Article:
Author: Frank Taaning-Grundholm, Global Sales Director, Danfoss
There are many stories about bearing current damage by variable frequency drives (VFD) due to bearing currents. Some of these stories are in fact true, but many are fairy tales come to life because no one cared to investigate the actual cause of the damage to the bearing.
Another interesting fact is that bearing current damage predate VFD’s and are regularly seen on line operated pumps as well. In these instances, it is mostly due to differences in the phase to phase voltages driving a circulating current through the motor bearings.
When we are looking at drives up to 90kW/100HP, then it is rare that bearing currents are the root cause of bearing damages. In many cases, the bearings have been analyzed by the bearing manufacturer after a customer claims damage from misalignment issues. When you see fluted damage to the bearing (see Figure 1), current is most likely causing these; but if the bearing is misaligned, the track will not be as “clean” (also shown in Figure 1).
If the track is displaced from the center, and especially if the pattern appears a bit angled, then it is more likely that the actual root cause of the problem is misalignment of wrong loading of the bearing, since this causes the bearing to push through the isolating lubrication film.
With that, it is also important to note that if a bearing is not self-lubricated, then insufficient lubrication will also reduce the thickness of the film and thereby make the bearing more prone to current damage. This is one of the reasons why damages are more common on larger motors, since they are more commonly lubricated on site.
That being said, bearing currents are not a phantom phenomenon; they are real. Use of VFD’s do increase the risk of damages to the bearings. For this reason, several motor manufacturers recommend the use of isolated bearings, which should break the current flow through the bearing. There are, however, several documented cases of bearing damages even on isolated bearings, so it is not a fool-proof solution. As with many other problems, it is always better to attack the root cause than to try adding a band-aid, which in this case, isolated bearings really are not the most optimal solution.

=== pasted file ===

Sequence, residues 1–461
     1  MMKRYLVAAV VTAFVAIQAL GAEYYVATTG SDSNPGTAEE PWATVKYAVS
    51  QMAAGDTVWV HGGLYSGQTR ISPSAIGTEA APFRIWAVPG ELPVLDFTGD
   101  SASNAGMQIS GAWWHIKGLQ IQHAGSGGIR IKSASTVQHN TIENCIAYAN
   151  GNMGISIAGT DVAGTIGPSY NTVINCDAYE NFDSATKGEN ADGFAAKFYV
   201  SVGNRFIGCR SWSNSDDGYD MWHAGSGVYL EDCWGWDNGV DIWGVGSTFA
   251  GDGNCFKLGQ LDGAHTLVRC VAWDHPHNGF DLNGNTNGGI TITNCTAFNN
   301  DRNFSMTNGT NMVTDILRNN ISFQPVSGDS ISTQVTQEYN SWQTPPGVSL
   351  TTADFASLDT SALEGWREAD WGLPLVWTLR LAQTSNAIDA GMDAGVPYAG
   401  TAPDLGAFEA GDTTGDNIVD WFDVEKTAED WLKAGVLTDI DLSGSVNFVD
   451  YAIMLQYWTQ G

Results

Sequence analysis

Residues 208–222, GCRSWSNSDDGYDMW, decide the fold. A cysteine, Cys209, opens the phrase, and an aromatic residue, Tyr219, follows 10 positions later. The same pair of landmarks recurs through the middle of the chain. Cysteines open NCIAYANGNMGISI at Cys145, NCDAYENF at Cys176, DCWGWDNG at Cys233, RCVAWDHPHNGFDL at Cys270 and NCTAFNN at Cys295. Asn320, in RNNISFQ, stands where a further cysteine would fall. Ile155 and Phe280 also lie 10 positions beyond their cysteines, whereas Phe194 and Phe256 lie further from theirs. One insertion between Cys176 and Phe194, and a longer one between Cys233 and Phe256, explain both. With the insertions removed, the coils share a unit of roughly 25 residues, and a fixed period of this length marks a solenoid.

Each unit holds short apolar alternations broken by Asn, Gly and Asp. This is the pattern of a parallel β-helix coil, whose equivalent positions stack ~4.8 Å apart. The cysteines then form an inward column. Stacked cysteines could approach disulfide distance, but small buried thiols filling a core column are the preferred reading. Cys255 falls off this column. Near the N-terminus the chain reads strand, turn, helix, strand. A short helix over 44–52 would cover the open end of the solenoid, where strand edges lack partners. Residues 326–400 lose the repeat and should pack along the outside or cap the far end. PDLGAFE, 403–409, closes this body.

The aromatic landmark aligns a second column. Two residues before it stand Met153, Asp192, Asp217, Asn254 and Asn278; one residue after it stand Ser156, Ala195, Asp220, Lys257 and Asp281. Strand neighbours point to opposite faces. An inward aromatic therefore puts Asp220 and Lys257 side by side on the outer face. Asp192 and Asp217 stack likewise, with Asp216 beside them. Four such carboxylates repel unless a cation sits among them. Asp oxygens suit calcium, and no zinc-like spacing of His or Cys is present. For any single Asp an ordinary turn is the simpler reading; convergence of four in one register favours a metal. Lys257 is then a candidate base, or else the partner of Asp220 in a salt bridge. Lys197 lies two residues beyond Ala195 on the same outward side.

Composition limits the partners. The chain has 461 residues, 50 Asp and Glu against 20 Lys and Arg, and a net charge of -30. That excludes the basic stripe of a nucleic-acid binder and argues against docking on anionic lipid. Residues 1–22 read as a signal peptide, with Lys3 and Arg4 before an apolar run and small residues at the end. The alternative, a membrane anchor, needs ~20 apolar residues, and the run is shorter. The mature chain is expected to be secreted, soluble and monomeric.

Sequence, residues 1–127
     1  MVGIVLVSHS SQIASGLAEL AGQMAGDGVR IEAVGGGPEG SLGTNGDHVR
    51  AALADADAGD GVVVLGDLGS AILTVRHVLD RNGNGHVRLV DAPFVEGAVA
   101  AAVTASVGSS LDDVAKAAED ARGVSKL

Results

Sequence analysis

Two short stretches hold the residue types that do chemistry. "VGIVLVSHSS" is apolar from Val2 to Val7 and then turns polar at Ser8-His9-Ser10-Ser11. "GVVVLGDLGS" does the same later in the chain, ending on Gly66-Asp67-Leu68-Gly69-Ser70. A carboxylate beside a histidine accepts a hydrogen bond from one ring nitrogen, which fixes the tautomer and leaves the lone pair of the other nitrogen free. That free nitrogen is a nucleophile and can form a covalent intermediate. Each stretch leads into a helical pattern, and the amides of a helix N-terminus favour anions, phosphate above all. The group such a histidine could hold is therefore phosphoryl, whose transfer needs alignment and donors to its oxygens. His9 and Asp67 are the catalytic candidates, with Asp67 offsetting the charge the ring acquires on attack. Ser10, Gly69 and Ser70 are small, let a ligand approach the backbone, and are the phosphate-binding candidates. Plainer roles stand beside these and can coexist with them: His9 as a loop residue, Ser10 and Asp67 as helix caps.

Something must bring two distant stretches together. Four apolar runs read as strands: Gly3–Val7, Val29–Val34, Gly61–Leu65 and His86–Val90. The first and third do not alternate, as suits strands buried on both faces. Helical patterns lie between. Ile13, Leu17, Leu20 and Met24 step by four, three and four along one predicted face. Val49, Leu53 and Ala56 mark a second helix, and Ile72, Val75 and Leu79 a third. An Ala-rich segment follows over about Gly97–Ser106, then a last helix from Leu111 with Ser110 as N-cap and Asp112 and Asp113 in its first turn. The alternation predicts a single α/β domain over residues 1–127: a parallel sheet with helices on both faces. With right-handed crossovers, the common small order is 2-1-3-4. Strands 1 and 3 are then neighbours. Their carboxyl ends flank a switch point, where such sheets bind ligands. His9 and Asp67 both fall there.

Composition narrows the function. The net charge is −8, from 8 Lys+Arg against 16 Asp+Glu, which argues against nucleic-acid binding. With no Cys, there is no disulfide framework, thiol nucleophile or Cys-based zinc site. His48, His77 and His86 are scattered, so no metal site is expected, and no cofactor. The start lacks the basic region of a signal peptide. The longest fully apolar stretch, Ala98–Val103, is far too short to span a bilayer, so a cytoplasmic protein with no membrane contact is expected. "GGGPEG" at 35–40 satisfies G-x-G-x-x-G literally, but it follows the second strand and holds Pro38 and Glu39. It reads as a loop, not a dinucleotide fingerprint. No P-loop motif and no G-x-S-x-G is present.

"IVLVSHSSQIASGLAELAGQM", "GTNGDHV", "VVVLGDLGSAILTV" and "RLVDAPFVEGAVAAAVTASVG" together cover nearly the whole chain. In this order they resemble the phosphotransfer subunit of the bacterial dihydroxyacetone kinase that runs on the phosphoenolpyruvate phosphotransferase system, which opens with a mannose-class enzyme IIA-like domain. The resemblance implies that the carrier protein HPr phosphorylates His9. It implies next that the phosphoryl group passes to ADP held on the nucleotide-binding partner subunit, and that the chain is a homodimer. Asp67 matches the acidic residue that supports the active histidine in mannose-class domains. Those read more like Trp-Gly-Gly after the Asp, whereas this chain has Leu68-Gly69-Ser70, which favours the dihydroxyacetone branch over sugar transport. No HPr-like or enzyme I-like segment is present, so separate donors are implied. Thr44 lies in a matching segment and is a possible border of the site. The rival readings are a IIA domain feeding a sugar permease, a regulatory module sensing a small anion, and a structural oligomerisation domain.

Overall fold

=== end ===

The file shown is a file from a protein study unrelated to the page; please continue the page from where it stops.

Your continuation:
Shaft grounding rings are also sold to manage the circulating currents in the motor and ensure that the current bypasses the bearing and goes straight to ground, thus preventing damage to the bearing. They are mounted around the shaft and bolted to the stator housing (see Figure 2).
While this is a widely specified solution, it is again little more than a band-aid; though this is a better one than isolated bearings. It adds cost to the installation without dealing with the common mode voltages that are the actual root cause.
The best solution is to eliminate the source entirely, but due to the inherent nature of a VFD, it will create a higher potential for bearing currents. However, variable speed operation of pumps and fans provide the highest energy savings potential, and the elimination of drives is for this reason alone a very poor choice of solution, as there is no other way of regaining the energy savings achieved with variable speed.
Accepting that VFD’s are as necessary as mains fuses in modern installations, we need to focus on the effect of VFDs damaging the bearing. The root cause of the bearing currents is really the common mode currents flowing from the VFD to the motor; so eliminating those and securing equalization of the electrical potential in the installation will help to significantly reduce the risk of bearing current damages.
Filters have been introduced to the market to help prevent these circulating currents and protect the bearings. By choosing the right filter, it is possible to reduce the levels so much that there is only an extremely limited risk of bearing current damage. When these filters are applied, the cost of isolated bearings and isolation rings can be eliminated. The cost of the filters is not a pure add on cost, but a replacement for less efficient solutions.
The design of these filters looks much like a simple ring core (see Figure 3). You simply pull the motor phases, not ground, through the core (see Figure 4) and make the installation as you would normally do. This also makes them excellent for retrofitting purposes. If you have had issues with bearing damages and suspect that it is bearing currents, then installing one of these filters might be a fast and easy solution. However, you should carefully evaluate if there are any alignment issues between the motor and the pump, as finding the root cause is always better than taking a medicine and hoping it’s for the right disease!
The bearing manufacturer can, in most cases, assist with the analysis and provide detailed information on the root cause of the damage. If in fact the cause is electrical and there is a drive installed, then my recommendation would be to involve the VFD manufacturer to investigate if there are issues with the installation contributing to the issue, before applying filters. This will make sure that other issues, which the filters do not protect from, are resolved first.